This morning we ran out of water. The Air BnB didn’t provide any and we couldn’t find any reputable sources online to say whether you could drink the tap water, so we didn’t. We had what we had left after our dinner and as always, a salty pizza makes you thirsty so we drained what we had. Neither did we have any food. Therefore, this morning I was in full hunt and gather mode. Luckily this caveman didn’t have to roam far, or kill anything (even though the lobby pond was stocked with huge fish) because there was a convenient convenience store.
Loaded up with water, muesli, coffee, milk and apples, we were good for breakfast. It had been a tiring night so we just organised ourselves in the morning before heading out for Batu Caves, the first item on our Kuala Lumpur “want to go” list.
This is an incredibly large limestone cave system just to the north of Kuala Lumpur and is home to one of the most popular Hindu temples outside of India. Its guarded by a 43m tall Lord Murugan statue at the entrance and many of the shrines depict his victory over the demon Soorapadman.
The ongoing popular use as a Hindu religious site means the shrines and decoration are incredibly well maintained. The colours are incredibly vivid and almost make it look like a cartoon TV studio. It’s much more bright and happy than other religious sites I’ve been to.
And, I can fully understand why you would site a religious centre in these incredible caves. The Christian faith has built huge cathedrals with soaring walls and ceilings but that isn’t needed when nature has provided the same. These caves are VAST. I don’t know how tall, but I’d comfortably estimate +70m tall and about the size of a football field in floor area. There are two sections, the main Temple Cave which is the largest and houses the murti of Sri Murugan Swami and the Upper caves, which is open to the sky and has trees and bushes overhanging and growing down its walls.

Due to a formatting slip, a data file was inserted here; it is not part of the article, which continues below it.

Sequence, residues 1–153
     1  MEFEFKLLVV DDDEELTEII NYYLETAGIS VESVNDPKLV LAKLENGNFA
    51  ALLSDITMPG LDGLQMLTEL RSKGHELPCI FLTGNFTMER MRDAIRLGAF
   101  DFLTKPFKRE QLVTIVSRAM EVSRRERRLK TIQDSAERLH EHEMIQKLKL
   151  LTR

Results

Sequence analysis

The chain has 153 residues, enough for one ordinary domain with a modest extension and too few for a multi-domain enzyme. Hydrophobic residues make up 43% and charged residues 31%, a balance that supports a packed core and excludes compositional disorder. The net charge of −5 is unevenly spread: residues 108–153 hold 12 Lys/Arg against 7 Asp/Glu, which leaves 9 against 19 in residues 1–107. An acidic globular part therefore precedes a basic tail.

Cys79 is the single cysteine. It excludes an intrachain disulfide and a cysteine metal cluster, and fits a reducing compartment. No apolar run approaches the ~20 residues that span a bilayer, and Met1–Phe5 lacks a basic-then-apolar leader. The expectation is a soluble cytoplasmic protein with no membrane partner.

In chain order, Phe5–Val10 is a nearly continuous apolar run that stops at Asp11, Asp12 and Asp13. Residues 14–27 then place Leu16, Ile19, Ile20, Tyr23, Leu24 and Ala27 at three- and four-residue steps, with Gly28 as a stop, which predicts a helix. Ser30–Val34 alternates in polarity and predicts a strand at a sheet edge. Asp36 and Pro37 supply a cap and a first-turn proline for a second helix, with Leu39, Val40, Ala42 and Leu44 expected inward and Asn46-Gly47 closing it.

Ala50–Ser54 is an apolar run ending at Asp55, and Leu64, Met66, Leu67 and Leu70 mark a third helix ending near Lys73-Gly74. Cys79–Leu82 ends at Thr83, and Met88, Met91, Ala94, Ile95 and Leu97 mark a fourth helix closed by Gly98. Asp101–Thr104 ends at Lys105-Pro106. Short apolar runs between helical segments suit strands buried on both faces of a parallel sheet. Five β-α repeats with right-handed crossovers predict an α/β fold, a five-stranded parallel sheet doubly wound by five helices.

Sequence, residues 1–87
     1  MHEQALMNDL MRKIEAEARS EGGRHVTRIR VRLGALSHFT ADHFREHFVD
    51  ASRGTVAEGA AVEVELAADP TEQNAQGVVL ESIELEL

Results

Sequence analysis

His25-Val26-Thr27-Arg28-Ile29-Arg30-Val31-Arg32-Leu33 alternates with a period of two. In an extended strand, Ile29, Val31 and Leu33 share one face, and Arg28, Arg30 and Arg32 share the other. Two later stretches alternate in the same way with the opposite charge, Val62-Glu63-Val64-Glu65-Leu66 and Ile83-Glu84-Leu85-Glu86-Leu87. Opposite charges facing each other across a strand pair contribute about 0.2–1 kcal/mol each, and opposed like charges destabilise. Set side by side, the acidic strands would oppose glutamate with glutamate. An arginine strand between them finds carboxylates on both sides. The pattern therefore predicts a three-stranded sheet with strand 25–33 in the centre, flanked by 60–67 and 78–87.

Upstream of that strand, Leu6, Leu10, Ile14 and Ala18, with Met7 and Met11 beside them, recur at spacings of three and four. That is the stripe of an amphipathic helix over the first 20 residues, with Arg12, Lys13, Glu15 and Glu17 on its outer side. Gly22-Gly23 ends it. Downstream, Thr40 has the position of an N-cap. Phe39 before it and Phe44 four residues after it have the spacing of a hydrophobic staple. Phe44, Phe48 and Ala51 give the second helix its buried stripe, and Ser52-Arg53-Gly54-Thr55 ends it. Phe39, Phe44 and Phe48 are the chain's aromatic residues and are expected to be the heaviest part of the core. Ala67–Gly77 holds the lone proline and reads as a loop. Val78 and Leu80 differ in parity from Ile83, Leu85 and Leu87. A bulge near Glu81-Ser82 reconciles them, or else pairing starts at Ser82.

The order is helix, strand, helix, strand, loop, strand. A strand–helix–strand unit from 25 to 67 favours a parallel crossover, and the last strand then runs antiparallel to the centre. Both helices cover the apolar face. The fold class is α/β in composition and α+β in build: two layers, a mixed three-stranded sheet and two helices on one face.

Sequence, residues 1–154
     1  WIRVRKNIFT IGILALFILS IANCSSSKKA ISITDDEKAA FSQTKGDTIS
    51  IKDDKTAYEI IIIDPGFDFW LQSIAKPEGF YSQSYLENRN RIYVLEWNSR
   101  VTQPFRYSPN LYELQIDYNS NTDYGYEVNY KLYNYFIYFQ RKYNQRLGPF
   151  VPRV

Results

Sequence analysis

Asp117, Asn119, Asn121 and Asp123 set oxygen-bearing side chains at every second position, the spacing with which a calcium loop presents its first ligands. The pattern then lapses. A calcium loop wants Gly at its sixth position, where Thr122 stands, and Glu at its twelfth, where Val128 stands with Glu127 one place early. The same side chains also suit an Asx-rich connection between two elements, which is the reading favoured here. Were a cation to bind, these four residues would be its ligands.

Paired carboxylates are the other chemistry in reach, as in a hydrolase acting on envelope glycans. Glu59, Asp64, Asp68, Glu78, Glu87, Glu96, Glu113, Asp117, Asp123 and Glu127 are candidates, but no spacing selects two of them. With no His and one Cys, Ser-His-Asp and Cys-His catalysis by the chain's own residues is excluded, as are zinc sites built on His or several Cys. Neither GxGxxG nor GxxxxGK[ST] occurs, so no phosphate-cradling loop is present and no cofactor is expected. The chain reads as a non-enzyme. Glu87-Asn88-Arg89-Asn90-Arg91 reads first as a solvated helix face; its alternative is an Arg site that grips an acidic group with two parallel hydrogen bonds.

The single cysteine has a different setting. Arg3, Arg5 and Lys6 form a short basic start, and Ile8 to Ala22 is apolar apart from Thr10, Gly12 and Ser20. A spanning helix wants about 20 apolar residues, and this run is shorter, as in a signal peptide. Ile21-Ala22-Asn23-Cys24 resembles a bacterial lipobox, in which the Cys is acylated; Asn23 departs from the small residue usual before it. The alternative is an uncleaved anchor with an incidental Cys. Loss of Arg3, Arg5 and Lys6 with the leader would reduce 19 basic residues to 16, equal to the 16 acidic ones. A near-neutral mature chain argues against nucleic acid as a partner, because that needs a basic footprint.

I hesitate to denigrate a religious site, but it was not the profound religious experience I thought it would be. Maybe this is my cultural stereotypes clouding my view, but it all seemed rather disrespectful, considering this is a significant and religiously popular site. At the entrance to the caves, not at the bottom of the stairs outside the complex, but actually in the mouth to the temple cave, there were stalls selling souvenirs and snacks and tourist crap. I was expecting a hushed, contemplative and respectful walk through a temple where devotees would be going about their religious prayers. But instead there were overturned bins of rubbish with monkeys picking through them. Piles of building waste and trash in corners next to scaffolding being stored. Huge flood lamps seemingly randomly bolted to the floor dominating the view of the shrines, and 10ft tall metal railings protecting them. And, while reassuring that some level of health and safety was being regarded, there was a huge steel mesh roof over the walkway into the caves, presumably to protect visitors from falling rocks.